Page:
Sets p, K for analytic approximation of low-mass relationship.

    alpha_num, alpha_den : float
        slopes of the numerator and denominator mass functions respectively
        (eg. for SMHM, this would alpha_smf, and alpha_hmf).

    Ms_num, Ms_den : float
        Characteristic log10 masses of numerator and denominator mf's.
        (eg. for SMHM, this would be Ms, Hs)

    norm_num, norm_den : float
        Normalisation of numerator and denominator mf's.
        (eg. for SMHM, this would be phi, A*10^Hs)

    beta_num, beta_den : float
        Cut-off parameter for num and den mf's.
        (eg. for SMHM, this would be 1, beta)
    z_num = (alpha_num + 1)/beta_num
    z_den = (alpha_den + 1)/beta_den
    p = (alpha_den-alpha_num)/z_num
    scale = 10**(Ms_num-Ms_den)
    z_rat = z_num/z_den
    N = norm_den/norm_num
    K = scale * (N * z_rat)**(1.0/z_num)*10**(-Ms_den*p)

    return p,K
In [16]:
# Actually set the p,K in our case
p,K = set_lowmass_const(alpha2,alpha, logMs,logHs,10**log_phi2,np.exp(lnA)*10**logHs,1.0,beta)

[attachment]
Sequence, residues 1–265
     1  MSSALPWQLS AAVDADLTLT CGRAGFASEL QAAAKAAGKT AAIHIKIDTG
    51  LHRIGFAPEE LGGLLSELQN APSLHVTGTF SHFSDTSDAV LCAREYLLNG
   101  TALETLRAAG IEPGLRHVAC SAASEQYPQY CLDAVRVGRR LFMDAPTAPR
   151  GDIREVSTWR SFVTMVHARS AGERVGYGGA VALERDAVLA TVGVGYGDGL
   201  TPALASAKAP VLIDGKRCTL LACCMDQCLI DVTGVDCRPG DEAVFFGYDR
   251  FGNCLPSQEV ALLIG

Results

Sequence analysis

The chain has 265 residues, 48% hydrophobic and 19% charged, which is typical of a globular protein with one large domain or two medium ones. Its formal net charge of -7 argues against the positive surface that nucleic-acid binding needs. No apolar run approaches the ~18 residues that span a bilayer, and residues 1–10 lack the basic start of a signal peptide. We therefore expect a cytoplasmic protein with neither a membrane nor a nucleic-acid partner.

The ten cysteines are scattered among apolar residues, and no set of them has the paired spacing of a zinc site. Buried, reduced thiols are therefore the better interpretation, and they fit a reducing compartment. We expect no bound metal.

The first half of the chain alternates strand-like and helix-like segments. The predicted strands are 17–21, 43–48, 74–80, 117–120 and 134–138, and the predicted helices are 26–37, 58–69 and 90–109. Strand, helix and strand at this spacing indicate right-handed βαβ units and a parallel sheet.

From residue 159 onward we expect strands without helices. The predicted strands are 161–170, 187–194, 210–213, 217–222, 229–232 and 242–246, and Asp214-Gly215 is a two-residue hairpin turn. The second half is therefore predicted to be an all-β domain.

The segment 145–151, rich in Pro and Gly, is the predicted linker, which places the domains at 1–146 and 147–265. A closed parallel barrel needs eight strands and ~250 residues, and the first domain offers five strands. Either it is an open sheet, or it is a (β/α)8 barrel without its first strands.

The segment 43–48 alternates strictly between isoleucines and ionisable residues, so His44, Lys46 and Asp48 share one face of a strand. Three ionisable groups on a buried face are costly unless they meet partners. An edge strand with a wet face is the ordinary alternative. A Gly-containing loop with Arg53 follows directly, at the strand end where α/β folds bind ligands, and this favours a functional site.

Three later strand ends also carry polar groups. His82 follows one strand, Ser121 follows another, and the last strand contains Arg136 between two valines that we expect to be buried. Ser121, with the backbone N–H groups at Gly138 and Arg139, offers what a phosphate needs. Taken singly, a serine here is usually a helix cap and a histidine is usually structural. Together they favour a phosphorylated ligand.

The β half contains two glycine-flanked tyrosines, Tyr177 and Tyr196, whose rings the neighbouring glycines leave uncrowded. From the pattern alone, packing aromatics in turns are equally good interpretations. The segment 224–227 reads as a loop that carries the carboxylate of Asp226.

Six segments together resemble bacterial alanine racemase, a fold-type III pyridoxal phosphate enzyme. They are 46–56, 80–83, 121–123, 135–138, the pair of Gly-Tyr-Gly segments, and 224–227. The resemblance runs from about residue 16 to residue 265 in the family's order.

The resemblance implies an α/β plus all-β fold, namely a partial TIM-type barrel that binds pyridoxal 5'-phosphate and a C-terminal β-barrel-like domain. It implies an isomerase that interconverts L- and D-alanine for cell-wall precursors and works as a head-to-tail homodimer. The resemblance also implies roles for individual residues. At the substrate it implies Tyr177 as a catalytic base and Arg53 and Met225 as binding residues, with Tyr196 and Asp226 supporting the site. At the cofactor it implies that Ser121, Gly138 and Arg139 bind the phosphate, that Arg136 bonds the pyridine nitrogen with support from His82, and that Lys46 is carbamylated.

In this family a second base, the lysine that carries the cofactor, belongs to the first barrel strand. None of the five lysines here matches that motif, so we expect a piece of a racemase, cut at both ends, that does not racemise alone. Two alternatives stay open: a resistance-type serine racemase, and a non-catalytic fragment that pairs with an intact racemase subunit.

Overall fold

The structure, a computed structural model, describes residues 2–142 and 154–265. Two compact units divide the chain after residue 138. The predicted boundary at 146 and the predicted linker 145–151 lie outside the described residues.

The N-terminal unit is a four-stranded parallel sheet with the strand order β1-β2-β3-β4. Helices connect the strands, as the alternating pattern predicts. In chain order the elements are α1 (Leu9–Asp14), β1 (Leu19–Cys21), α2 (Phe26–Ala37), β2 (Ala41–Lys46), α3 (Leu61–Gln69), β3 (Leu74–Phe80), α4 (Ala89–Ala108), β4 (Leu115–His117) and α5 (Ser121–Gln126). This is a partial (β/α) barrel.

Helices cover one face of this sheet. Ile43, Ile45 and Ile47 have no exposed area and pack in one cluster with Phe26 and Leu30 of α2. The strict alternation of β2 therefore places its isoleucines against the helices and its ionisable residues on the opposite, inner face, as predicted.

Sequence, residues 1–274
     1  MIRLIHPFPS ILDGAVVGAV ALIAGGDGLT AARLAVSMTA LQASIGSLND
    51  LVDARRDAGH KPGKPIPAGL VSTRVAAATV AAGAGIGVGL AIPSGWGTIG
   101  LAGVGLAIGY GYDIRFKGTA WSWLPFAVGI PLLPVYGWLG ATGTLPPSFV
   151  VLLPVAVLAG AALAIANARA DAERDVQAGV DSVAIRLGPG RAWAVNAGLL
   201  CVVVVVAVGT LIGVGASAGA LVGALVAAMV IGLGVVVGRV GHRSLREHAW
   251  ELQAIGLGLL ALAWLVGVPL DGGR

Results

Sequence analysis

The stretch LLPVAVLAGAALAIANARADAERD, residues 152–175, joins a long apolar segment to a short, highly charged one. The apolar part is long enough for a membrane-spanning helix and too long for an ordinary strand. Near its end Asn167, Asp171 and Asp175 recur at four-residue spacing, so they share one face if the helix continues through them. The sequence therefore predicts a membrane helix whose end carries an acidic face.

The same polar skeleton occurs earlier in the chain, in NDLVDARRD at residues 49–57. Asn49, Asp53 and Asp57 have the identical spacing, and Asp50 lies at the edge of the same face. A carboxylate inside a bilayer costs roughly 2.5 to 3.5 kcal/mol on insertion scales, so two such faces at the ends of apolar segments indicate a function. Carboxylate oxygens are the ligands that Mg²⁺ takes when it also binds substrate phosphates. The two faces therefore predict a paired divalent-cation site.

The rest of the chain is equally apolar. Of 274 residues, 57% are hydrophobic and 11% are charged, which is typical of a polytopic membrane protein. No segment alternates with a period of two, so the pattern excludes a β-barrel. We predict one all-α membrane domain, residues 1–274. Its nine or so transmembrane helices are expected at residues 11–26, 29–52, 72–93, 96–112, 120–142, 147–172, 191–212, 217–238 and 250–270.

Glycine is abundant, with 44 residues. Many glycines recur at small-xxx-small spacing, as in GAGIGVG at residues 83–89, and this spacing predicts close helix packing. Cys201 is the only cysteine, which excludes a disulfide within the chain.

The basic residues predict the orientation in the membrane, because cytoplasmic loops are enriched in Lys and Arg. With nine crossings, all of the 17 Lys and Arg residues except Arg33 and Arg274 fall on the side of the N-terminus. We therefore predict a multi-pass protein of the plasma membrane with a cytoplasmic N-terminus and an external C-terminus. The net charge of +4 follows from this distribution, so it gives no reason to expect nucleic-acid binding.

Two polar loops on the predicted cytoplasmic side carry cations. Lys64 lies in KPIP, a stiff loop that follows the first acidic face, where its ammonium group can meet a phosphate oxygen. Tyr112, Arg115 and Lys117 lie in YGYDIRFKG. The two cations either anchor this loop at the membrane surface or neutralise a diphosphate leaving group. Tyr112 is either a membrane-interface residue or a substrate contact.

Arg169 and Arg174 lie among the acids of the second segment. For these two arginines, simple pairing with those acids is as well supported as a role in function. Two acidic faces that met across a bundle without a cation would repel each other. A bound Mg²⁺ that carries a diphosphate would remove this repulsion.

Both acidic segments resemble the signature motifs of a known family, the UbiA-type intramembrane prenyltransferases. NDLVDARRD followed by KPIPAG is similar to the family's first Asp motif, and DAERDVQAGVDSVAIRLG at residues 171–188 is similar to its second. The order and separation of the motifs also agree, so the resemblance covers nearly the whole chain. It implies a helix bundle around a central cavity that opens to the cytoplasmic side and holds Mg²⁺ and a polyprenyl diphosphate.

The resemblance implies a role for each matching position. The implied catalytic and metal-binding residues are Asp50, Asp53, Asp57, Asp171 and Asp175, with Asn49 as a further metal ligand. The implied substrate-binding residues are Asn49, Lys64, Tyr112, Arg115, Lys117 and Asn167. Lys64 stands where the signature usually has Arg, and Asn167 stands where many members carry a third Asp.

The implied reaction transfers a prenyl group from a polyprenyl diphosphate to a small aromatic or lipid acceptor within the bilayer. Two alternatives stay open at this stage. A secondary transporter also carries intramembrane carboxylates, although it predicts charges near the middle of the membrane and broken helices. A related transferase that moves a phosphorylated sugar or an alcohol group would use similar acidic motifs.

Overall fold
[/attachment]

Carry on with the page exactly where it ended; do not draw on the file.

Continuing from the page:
Now we can re-write our objective functions for Moster+09 and Behroozi+10 so that their constants are set by the low-mass behaviour, and rederive solutions.

In [17]:
def moster_fixed_obj_func(mh,m1,gamma):
    f0 = 10**(m1*p) * K/2
    beta = p
    return np.log(mh_to_frac_moster(mh,f0,m1,beta,gamma))

moster_fixed_res = curve_fit(moster_fixed_obj_func,mhalo,logf,p0=(11.884,0.6))[0]

def behroozi_fixed_obj_func(mh,m0,delta,gamma):
    beta = 1./(p+1)
    m1 = np.log10(K) + (m0-0.5)/beta
    return np.log(mh_to_frac_behroozi(mh,m1=m1,m0=m0,beta=beta,delta=delta,gamma=gamma))

behroozi_fixed_res = curve_fit(behroozi_fixed_obj_func,mhalo,logf,p0=(12.35,0.57,1.56))[0]